What is the procedure for genetic/genomic testing?

Category:
1 fertility expert(s) answered this question

Answer from: Douglas Lester, PhD, MSc, BSc (Hons)

Geneticist, Co-Founder & Chief Scientific Officer Fertility Genomics
play-video-icon-yt

For our company, Fertility Genomics, we provide a simple DNA spit kit test, which comes in this package here and contains a simple funnel on a tube with a solution. All the patient has to do is spit in the funnel as long as it’s attached to the tube. The liquid inside the tube will then activate all bacteria and viruses. So we don’t get COVID-19 or any bacteria that will be active after you’ve mixed it. The DNA in the tube is then stable for five years, so it’s perfectly easy to post it back to us. We can then extract your DNA and sequence all the genes, analyze them, provide a risk score and hopefully advise which assisted fertility conception route is best for each particular couple.

At the moment, only people from the UK can get it legally; we’re looking to move into Europe and other markets. It’s only available in the UK, from our website, www.fertilitygenomics.com. You can order a single kit for yourself, or we give a discount for couples. But each member of the couple has to fill in the form themselves. It is their DNA result; it’s not their partner’s DNA result. The woman won’t find out the man’s DNA, and the man won’t find out the woman’s DNA; that is their result days. It’s up to them whether they want to share it with their partner or not. We also do same-sex couples testing as well; again, there’s a couples discount; again, it’s their DNA, not their partner’s DNA. Presumably, if they had a donor sperm and had permission from the donor sperm for lesbian couples, then again, it would be the donor’s information.

As soon as a result is out, they will also receive an email, not with the result, though. They will have a special code in that email to activate on our website. They will get access to the report then. It’s perfectly secure; we employ people that have Ethical Hacking Degrees. They’ve been trained to break into other people’s databases ethically, so they know how to put firewalls up. We’re very secure. They are from Aberdeen University, where I used to be, and they run an Ethical Hacking course, which is world-renowned. One year they hacked into our school’s exam questions to show it could be done, and we had to make it more secure. So they don’t want to advance how hackers work because that would be catastrophic if any of this information got out. It’s very private.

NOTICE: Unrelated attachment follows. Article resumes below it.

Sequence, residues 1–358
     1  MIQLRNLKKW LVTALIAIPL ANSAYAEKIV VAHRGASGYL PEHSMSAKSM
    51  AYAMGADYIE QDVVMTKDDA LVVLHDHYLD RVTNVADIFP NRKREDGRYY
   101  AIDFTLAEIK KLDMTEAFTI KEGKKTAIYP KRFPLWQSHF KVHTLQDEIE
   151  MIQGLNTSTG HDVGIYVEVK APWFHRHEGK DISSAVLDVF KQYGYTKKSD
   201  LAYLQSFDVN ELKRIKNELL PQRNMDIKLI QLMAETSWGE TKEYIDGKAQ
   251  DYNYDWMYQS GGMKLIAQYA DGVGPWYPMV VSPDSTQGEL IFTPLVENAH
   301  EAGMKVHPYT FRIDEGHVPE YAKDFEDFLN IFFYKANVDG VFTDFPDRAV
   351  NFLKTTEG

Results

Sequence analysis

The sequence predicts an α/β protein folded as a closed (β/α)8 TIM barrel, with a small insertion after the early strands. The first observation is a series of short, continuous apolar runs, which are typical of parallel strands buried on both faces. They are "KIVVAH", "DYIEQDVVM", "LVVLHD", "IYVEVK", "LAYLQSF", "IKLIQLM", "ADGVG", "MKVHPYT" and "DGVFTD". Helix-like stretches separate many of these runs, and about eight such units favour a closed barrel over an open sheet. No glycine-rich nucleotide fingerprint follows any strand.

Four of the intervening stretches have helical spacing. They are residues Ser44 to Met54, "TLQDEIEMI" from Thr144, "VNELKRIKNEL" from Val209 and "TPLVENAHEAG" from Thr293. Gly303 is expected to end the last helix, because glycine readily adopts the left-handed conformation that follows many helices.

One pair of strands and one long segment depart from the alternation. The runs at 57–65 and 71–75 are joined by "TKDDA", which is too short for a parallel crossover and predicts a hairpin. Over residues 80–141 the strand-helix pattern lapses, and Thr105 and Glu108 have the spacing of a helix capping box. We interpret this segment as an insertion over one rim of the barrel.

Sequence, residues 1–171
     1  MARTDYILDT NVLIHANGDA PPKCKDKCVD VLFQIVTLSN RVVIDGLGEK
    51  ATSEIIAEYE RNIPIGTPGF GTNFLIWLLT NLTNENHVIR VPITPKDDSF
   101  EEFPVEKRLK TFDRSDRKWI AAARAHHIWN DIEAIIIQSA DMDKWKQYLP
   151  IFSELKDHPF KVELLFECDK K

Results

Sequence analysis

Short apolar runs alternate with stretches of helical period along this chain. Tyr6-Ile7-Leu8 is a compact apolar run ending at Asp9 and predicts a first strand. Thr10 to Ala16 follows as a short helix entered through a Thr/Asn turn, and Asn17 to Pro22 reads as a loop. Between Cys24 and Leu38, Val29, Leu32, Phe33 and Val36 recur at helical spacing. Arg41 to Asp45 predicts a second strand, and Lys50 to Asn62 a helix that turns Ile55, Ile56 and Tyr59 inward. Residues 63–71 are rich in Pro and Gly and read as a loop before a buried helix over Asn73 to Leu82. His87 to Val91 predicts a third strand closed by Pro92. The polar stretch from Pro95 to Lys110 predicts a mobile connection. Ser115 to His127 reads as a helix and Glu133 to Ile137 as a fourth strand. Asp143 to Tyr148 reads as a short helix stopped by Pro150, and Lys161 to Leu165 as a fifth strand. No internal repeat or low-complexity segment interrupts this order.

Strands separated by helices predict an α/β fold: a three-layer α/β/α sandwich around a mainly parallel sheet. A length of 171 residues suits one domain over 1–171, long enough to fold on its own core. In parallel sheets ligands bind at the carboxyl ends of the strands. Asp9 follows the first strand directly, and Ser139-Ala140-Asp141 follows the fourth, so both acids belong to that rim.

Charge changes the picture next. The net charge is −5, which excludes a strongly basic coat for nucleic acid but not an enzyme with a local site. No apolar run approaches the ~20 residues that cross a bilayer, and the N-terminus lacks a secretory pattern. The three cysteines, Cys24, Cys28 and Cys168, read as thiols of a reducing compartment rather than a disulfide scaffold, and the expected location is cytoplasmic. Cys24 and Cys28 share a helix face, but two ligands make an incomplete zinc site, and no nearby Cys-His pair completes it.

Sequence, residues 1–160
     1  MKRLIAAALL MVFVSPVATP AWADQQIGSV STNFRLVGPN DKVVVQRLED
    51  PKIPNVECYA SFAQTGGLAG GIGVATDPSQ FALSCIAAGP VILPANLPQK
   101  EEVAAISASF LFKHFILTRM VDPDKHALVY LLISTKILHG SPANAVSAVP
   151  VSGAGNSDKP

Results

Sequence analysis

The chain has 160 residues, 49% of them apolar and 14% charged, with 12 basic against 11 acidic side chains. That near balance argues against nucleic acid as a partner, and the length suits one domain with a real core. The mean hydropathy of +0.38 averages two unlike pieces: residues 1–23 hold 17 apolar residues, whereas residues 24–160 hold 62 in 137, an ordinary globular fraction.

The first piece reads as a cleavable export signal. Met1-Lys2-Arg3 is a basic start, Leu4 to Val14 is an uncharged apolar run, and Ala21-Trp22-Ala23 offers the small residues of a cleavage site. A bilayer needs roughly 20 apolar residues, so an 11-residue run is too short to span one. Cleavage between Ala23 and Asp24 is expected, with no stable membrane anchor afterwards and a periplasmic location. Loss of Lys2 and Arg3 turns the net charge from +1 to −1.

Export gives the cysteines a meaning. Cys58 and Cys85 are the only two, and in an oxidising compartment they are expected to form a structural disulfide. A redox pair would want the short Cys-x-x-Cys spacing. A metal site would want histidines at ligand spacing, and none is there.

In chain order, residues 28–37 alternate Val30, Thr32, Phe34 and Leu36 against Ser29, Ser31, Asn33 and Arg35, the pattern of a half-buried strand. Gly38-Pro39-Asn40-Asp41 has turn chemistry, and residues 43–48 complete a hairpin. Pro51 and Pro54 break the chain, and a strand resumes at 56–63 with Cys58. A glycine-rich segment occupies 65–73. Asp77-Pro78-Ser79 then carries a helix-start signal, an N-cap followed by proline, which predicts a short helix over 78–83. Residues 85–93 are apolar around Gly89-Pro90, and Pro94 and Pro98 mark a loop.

Hopefully, insurance companies won’t demand it. I’m very against any insurance companies demanding that you have to share your genetic information. We’re all human; we’re all flawed. We all have genetic mutations; we should all be insured equally. We don’t want apartheid system where different people are, discriminated against because they carry a particular mutation; that would be unethical. We only reveal one gene, and then we have a risk assessment score. Let’s say there’s a 99% chance with this gene mutation, which is backed up by clinical evidence that you’re always going to fail IVF. We would advise you to switch to the direct sperm injection method probably.

 

About this question:

Genomic testing - how does it work?

Genetic tests are performed on a sample of blood, hair, skin, amniotic fluid or saliva which is then sent out to the laboratory to be thoroughly tested.

Find similar questions:

Related questions

When should I have a genetic test done?

dr Doug Lester

Douglas Lester, PhD, MSc, BSc (Hons)
Geneticist

Watch answers »

How private are my genetic test results?

dr Doug Lester

Douglas Lester, PhD, MSc, BSc (Hons)
Geneticist

Watch answers »

What does the genetic test mean for my family members?

dr Doug Lester

Douglas Lester, PhD, MSc, BSc (Hons)
Geneticist

Watch answers »

Is there any way to avoid my child having the genetic condition?

dr Doug Lester

Douglas Lester, PhD, MSc, BSc (Hons)
Geneticist

Watch answers »

What will the genetic test results mean for your children and future children?

dr Doug Lester

Douglas Lester, PhD, MSc, BSc (Hons)
Geneticist

Watch answers »

How might I react if the genetic test reveals that I do not carry the faulty gene?

dr Doug Lester

Douglas Lester, PhD, MSc, BSc (Hons)
Geneticist

Watch answers »